Prime numbers

For discussing Olympiad Level Number Theory problems
Katy729
Posts: 47
Joined: Sat May 06, 2017 2:30 am

Prime numbers

For how many natural numbers \$n\$, both \$n\$ and \$(n -6)^2 + 1\$ are prime?

Abdullah Al Tanzim
Posts: 20
Joined: Tue Apr 11, 2017 12:03 am

Re: Prime numbers

use parity.
Everybody is a genius.... But if you judge a fish by its ability to climb a tree, it will spend its whole life believing that it is stupid - Albert Einstein

aritra barua
Posts: 57
Joined: Sun Dec 11, 2016 2:01 pm

Re: Prime numbers

\$n\$=\$2,5,7\$.

ankon dey
Posts: 3
Joined: Wed Nov 22, 2017 2:16 pm

Re: Prime numbers

a prime is odd (ignore 2!!) .......odd-even=odd..... \$odd^2\$ =odd.....odd+1=even...but it cannot be prime(ignore \$2\$)......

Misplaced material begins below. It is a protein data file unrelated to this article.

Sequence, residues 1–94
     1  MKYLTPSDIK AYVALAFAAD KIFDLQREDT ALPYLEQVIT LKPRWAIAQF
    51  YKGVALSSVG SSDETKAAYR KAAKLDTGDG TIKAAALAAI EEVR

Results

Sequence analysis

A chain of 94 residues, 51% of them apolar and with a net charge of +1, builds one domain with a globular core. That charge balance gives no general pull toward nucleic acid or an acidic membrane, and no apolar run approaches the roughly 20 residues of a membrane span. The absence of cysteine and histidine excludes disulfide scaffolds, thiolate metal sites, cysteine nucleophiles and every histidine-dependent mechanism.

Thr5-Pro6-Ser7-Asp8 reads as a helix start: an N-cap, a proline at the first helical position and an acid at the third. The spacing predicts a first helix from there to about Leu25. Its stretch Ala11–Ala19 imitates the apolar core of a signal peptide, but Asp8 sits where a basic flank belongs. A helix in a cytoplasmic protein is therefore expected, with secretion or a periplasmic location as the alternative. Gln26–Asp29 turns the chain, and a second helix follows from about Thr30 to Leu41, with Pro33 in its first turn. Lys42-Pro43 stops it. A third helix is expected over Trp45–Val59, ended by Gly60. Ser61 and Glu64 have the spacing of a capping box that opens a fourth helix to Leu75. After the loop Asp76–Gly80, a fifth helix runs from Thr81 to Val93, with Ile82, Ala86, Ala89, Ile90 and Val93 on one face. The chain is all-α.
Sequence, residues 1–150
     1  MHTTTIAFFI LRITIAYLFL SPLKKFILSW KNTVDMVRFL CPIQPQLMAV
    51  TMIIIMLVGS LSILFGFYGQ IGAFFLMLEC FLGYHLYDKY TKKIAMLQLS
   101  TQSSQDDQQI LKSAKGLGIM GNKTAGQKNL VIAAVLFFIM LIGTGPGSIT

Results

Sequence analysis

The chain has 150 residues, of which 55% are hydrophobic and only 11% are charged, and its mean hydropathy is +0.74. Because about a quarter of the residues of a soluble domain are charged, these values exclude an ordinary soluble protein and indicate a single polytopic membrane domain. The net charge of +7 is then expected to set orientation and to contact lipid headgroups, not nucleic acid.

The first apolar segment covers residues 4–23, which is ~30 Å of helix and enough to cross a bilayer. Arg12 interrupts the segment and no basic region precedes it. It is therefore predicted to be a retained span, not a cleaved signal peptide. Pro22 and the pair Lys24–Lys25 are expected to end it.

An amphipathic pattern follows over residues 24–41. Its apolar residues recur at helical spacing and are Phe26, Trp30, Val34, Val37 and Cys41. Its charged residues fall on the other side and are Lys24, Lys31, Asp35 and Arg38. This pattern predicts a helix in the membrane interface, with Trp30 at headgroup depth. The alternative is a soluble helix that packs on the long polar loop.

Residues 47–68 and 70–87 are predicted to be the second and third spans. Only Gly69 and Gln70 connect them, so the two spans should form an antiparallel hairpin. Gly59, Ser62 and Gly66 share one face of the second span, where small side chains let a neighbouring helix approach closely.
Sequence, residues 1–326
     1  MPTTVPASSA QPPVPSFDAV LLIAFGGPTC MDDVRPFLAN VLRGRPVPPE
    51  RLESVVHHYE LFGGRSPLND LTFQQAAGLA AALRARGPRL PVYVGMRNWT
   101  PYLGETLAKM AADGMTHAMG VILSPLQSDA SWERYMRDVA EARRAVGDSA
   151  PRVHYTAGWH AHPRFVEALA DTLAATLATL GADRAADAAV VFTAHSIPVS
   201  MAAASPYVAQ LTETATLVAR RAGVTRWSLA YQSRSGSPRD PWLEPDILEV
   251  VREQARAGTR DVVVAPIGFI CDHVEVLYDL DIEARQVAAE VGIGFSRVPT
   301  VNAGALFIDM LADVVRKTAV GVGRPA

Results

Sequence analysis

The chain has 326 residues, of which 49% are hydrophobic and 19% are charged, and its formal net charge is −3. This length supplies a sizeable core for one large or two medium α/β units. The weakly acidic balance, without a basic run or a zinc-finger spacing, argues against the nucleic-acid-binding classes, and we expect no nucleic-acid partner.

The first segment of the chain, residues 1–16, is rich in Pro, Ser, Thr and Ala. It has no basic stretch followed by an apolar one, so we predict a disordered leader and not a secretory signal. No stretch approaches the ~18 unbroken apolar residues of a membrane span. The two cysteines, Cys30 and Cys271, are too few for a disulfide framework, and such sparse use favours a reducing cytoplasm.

so remaining is \$2\$...setting \$n=2\$ we get, \$(n-6)^2 + 1\$ =\$17\$....
setting \$n=5 or 7\$ we get the term as 2...it is a prime

so....solution....these type of primes are 2,5 ,7

Tasnood
Posts: 73
Joined: Tue Jan 06, 2015 1:46 pm

Re: Prime numbers

Basically the solution may be this kind of:
\$n\$ is a natural prime number. So, it can be either an odd number or the only even number,\$2\$
For, \$n=2\$, we get: \$(n-6)^2+1=(2-6)^2+1=(-4)^2+1=17\$; which is a prime.

But for, \$n\$=odd, \$n-6\$=odd, \$(n-6)^2\$=odd, but \$(n-6)^2+1\$=even
The only even prime=\$2\$
So, \$(n-6)^2+1=2\$
\$\Rightarrow (n-6)^2=1\$
\$\Rightarrow n-6=+1/-1\$
\$\Rightarrow n-6=+1 \Rightarrow n=7\$
or, \$\Rightarrow n-6=-1 \Rightarrow n=5\$
So, the answers are:\$2,5,7\$